Historically, it took until 1995 when Pauline Clare QPM became Chief Constable of Lancashire Constabulary, for Britain to have representation at all levels of policing. There are now many more senior women leaders in policing, as summarised in the chart below for England & Wales forces; not least with the most senior police officer in the UK being Met Police Commissioner, Dame Cressida Dick. Despite the progress society has made, there are still many ways in which women are prevented from achieving equality of representation at the most senior ranks. This is not just a UK issue, as shown in this recent comprehensive research report from the USA, ‘Women in Policing: Breaking Barriers and Blazing a Path’.

I have encountered and experienced a range of challenges facing aspiring women police leaders. The following provides merely a brief overview of some of the more common broader challenges, barriers, and put-offs to promotion:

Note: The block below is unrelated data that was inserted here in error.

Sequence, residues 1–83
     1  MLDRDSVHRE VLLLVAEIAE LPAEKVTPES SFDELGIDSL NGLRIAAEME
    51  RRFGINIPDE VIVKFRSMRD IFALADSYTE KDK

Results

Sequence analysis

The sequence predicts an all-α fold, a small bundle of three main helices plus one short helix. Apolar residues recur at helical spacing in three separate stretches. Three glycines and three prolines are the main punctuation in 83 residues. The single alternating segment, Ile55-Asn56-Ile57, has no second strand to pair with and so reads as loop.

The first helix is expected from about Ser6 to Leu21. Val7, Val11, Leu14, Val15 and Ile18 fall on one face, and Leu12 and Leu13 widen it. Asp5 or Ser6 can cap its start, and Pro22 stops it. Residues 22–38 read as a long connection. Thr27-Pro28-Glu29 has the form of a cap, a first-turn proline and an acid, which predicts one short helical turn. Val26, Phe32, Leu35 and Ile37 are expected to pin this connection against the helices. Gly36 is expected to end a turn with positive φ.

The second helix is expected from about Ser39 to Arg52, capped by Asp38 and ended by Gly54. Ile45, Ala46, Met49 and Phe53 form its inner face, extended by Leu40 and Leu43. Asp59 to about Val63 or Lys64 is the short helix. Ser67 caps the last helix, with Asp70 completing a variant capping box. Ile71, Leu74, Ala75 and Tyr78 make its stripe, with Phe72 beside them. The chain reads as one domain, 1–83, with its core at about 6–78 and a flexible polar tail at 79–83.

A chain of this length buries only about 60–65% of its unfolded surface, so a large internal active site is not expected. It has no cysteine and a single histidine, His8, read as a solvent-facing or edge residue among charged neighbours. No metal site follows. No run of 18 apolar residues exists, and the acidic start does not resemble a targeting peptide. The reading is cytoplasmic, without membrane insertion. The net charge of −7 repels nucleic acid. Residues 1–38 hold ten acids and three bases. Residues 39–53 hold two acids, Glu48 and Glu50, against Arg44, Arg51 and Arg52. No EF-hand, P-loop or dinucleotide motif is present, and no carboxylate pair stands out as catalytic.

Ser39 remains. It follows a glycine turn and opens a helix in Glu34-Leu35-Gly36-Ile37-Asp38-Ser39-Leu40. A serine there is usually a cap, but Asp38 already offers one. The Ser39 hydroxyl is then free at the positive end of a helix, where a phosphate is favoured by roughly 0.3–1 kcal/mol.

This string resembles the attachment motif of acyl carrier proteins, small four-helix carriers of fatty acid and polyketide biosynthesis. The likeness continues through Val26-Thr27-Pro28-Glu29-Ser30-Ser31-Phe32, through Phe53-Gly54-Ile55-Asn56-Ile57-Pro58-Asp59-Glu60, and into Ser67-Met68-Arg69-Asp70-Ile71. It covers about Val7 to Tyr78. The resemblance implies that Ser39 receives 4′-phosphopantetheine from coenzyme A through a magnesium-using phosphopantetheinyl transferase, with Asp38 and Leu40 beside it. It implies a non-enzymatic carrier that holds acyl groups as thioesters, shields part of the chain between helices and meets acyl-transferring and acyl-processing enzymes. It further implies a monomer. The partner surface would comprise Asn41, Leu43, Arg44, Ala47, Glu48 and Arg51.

Working Patterns: As alluded to in the quote above, standard working patterns and shifts are not conducive to raising a family. Home Office workforce statistics show that it is female officers who seek and work in flexible / part-time working patterns. In turn, there remains an organisational stigma in having such working arrangements in leadership positions (or forces simply do not cater for it), It may also be harder to build enough strong promotion evidence while working in part-time and/or other flexible arrangements. Both issues are thereby disproportionately hampering women’s career aspirations. Michelle Skeer QPM is Chief Constable of Cumbria Police and President of the British Association of Women in Policing (BAWP). Upon her appointment to lead the organisation, she clearly identified this challenge for women of juggling work and family life in the BAWP ‘Grapevine’ magazine.